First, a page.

Another Pikes in the books and I have to admit that I am a bit relieved and quite satisfied to have been able to PR, take home a nice trophy and score a free entry for next year.
Just getting to the start line this year for me has been a challenge. I was able to get out for a few 14ers early in the summer, with quality outings on Missouri/Belford/Oxford, raced Mt. Evans, Grays/Torreys, Longs Peak and a 17.5 mile hike of Bierstadt in July with Allison and Sierra. Aside from that, it has been (what is now) the usual fare of the 1-3 times per week laps on Green Mountain and then baby jogger runs, pushing my almost 2 year old twin daughters.
The biggest distraction though this summer, has been the purchase of our first house. We bought a fixer upper home in July and the process of buying the home, then the continued and ongoing task of renovating has been entirely consuming. My dad came to help with the renovations, where I took the first two weeks of August off of work and pretty much hammered away from sunrise to sunset over that time. All of this has left very little time (and sometimes very little energy) for running and zero time to get up high to acclimate. Most of my vertical has taken place on a 6 foot ladder.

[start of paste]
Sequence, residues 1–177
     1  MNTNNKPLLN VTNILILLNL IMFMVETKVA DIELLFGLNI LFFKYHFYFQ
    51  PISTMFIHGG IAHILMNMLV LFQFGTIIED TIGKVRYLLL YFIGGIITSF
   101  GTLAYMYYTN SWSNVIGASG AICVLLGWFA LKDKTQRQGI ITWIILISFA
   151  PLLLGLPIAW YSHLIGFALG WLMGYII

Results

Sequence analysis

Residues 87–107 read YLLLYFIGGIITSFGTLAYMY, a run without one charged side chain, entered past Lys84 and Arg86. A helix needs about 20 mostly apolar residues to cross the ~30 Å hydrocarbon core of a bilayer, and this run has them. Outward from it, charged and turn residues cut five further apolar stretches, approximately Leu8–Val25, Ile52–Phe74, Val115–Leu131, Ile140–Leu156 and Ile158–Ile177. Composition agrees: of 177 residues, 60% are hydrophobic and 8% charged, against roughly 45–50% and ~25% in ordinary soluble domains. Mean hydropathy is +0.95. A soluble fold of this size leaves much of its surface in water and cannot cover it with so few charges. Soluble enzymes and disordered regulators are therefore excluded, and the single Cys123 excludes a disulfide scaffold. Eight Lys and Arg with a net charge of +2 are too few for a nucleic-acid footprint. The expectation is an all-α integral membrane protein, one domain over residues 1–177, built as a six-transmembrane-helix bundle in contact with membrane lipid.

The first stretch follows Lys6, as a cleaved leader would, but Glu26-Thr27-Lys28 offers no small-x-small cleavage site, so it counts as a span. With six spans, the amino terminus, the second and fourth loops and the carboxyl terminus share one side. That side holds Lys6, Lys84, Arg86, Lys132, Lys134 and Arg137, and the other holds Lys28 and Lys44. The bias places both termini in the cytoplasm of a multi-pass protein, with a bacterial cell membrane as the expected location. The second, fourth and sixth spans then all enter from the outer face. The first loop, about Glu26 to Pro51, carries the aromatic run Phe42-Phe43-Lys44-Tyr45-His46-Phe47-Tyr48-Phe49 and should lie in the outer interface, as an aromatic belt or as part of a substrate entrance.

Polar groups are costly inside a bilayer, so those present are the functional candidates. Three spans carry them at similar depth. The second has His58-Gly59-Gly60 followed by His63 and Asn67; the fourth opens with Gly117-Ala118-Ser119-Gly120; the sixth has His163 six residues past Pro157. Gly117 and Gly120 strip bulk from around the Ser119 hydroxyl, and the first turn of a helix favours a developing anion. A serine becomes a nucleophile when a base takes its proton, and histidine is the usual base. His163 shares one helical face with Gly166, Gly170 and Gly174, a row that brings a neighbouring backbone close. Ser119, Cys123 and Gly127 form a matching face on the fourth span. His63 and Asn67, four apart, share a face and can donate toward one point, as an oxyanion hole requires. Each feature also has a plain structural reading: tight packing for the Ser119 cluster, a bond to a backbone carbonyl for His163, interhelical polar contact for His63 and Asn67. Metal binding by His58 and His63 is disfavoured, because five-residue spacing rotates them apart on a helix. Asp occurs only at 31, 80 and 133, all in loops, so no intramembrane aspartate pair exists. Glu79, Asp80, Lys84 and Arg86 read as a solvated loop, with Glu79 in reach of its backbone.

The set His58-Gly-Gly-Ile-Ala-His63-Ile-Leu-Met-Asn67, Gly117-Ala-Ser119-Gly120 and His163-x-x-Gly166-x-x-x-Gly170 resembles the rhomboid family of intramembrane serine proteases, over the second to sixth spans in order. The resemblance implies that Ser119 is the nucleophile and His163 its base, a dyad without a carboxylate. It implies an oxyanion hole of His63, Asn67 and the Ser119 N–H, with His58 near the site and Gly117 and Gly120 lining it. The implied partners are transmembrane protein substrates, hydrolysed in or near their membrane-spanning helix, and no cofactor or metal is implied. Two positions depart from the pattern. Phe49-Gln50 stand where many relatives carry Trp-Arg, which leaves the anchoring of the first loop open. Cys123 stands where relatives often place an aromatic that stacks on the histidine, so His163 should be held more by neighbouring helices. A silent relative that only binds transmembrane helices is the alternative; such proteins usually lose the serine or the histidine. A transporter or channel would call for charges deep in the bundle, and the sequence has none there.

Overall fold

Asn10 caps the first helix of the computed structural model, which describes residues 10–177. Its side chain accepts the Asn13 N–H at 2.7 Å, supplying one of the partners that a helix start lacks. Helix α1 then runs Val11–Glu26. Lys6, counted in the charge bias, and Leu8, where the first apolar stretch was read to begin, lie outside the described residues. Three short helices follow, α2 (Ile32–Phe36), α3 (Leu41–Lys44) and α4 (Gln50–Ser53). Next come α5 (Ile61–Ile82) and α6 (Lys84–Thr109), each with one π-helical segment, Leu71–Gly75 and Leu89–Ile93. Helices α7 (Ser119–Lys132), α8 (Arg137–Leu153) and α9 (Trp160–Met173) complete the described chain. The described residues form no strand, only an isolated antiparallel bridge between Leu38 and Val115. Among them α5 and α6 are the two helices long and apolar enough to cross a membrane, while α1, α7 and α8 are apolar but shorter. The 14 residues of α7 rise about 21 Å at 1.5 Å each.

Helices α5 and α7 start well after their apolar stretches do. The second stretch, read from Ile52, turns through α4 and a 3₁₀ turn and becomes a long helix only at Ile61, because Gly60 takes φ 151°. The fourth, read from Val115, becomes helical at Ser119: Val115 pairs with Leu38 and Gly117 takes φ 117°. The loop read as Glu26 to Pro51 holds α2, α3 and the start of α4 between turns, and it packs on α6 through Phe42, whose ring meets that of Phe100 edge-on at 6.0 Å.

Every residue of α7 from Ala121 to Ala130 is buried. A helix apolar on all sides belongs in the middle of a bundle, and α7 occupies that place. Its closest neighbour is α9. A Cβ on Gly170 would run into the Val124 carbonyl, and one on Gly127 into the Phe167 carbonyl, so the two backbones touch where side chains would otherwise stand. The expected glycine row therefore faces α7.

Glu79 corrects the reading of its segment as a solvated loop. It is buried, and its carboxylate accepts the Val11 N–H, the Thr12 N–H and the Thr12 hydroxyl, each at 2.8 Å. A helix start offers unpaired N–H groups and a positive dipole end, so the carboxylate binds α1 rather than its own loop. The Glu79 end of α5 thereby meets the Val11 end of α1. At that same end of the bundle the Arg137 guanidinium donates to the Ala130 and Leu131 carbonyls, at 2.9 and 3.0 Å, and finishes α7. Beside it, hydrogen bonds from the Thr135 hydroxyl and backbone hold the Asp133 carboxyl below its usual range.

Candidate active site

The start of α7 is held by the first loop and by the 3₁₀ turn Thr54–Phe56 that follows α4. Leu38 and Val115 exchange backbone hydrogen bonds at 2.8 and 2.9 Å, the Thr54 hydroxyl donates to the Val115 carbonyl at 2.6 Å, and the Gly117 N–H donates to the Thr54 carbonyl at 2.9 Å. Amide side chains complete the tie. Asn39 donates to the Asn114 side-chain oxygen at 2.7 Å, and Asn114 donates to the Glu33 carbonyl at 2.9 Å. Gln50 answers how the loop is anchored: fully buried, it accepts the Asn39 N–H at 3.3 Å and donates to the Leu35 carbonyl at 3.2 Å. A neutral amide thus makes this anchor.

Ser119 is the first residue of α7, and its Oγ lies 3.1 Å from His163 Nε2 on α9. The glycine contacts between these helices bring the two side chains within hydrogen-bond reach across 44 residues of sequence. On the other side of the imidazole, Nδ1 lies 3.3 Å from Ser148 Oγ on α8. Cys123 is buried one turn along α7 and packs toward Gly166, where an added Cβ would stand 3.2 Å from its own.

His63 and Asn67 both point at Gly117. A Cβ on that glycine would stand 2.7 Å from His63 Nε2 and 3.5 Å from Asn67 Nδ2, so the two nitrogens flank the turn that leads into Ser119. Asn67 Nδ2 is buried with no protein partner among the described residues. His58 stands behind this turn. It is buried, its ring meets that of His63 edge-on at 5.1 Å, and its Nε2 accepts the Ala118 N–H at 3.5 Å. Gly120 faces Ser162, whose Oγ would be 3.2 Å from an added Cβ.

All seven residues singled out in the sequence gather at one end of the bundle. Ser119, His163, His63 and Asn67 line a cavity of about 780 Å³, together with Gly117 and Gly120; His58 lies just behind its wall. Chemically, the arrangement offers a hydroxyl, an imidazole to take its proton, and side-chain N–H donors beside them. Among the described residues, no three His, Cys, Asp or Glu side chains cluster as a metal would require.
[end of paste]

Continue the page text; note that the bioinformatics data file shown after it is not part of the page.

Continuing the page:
Since we started the process of buying the house back in June, I carefully considered the timeline and worried a bit about all that we have to do to get the house ready to move in by the end of August and suddenly, Pikes Peak took a back seat purely out of necessity. On several occasions, I was a mouse click away from withdrawing my entry, but was talked off the ledge on multiple occasions by my good friend George Zack. My wife Allison also encouraged me to just not worry about it and look at it as just a fun day in the mountains with good friends. Still, I was not entirely sure I would make it and I put the race out of my mind for the most part, only really thinking of it when I read George's blog or somebody asked me about it.
What little I did run in the time preceding the race has been really varied. Some runs were encouraging enough to give me confidence that my fitness was solid, but my longest runs were barely over an hour and I continually questioned whether I could overcome and compensate somehow for these shortcomings. Even as recently as noon on Saturday, I was second guessing if I could justify the time spent going to the race.
Dave picked me up around 4:30pm and we headed down to Manitou for packet pickup, ate at the Spaghetti buffet (while listening to Bart Yasso speak), then headed to my friend Hoot’s house for a good night of rest.